When a good property that is priced well comes on the market these days, it is often gone within a week or two. This does not leave time for a lot of hemming and hawing, consulting with friends and family members, measuring furniture, etc. The best advice is to know as much as possible what your priorities are, know what you can or are willing to afford, know the size of your furniture, decide whose opinion is important to you and make sure they are available to come with you to first showings if possible.
Although it is difficult for many people, it is also helpful if your employer can offer a bit of flexibility during this time as it can be in your best interest to see a property you are very interested in as soon as it is available to be shown, and sometimes that can be during regular work hours.
- Location, Location, Location!
For people trying to get into the market, or trying to move up in the market, say, from an apartment to a detached home, the temptation can be strong to buy something that feels nice inside that you can afford. Be careful about purchasing a home that has characteristics that would make it traditionally very hard to sell – in particular, a poor location. The current market conditions may not last forever, and unless you are sure you are happy with the property long term, you probably do not want to be stuck with a home on a very busy street, with poor accessibility, in a “bad area” or otherwise lacking in location.
- Try to Look Beyond the Surface
Sometimes the properties that do not move as fast are simply less appealing on the surface to an average buyer. Perhaps the home is vacant, which can make it difficult to visualize how your own furniture would be arranged, or alternatively the owners have stuffed the home full of oversized furniture making the space seem cramped. A lack of landscaping, clutter, actual mess, or tenants who don’t particularly care about a home looking presentable are other common issues for sellers that can result in good buys for buyers. Although you are more likely to want a thorough inspection on a home that does not appear “well cared for”, try to see past these surface issues to what the home could be if you lived there.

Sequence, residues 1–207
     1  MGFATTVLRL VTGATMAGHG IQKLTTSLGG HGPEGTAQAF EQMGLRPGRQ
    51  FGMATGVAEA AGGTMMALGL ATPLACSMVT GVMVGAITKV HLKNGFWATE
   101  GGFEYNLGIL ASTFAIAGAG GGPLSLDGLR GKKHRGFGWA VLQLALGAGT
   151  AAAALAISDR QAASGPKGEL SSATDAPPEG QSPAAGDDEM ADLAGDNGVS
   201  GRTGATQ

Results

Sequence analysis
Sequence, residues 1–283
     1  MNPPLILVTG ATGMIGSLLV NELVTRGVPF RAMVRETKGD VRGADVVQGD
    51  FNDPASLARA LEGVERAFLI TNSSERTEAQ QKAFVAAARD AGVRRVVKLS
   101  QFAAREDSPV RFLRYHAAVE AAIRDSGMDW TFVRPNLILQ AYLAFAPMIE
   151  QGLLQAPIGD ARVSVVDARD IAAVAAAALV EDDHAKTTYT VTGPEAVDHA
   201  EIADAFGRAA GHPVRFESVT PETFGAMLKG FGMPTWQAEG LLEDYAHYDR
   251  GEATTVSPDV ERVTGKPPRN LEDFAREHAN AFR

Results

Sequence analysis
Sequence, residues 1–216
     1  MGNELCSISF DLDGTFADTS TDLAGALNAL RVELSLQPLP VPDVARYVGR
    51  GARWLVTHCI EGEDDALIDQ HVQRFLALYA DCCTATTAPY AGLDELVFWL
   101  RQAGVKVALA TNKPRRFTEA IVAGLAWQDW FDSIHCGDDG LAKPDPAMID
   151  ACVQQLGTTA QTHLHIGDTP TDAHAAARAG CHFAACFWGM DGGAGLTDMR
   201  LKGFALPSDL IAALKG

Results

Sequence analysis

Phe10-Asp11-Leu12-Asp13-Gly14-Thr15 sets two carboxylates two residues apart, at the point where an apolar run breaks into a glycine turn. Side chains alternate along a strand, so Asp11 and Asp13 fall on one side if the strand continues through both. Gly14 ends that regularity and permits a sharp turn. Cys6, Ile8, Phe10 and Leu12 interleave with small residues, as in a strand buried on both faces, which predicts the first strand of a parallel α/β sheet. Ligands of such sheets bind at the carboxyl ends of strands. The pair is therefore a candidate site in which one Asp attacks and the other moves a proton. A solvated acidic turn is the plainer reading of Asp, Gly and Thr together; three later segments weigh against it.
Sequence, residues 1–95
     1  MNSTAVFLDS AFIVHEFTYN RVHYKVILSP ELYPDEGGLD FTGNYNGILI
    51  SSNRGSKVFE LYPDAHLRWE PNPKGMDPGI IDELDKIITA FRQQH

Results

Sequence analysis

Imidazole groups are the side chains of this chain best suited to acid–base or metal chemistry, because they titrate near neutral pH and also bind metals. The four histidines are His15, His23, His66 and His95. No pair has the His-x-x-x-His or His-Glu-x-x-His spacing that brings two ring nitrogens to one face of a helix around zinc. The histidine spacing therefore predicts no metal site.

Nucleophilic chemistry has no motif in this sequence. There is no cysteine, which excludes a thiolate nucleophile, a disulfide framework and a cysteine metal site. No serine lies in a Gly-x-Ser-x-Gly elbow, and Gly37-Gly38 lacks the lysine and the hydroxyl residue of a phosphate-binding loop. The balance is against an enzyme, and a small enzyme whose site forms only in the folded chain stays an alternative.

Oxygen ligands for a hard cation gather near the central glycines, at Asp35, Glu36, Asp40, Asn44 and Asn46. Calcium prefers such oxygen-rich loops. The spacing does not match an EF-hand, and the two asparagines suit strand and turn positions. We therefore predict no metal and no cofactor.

- Practice Patience and Don’t get Discouraged
We have seen buyers in this market miss out on their dream home, or perhaps 2 or 3 or 4 of what they thought was their dream home (for example, a house that I – Christine – was interested in a couple weeks ago in North Vancouver had 18 offers on it and sold nearly $300,000 over asking price, leaving a few disappointed prospective buyers in the wake). With properties going to multiple offers, sometimes you do not even get a second chance as a buyer to increase your bid or soften your subjects. Try not to have any regrets when making your offers in a competitive situation but balance that with trying to make sure you do not overpay. Your dream home may not be your dream home anymore if you pay double what it is worth…
Be committed and diligent but stay patient because your time will come.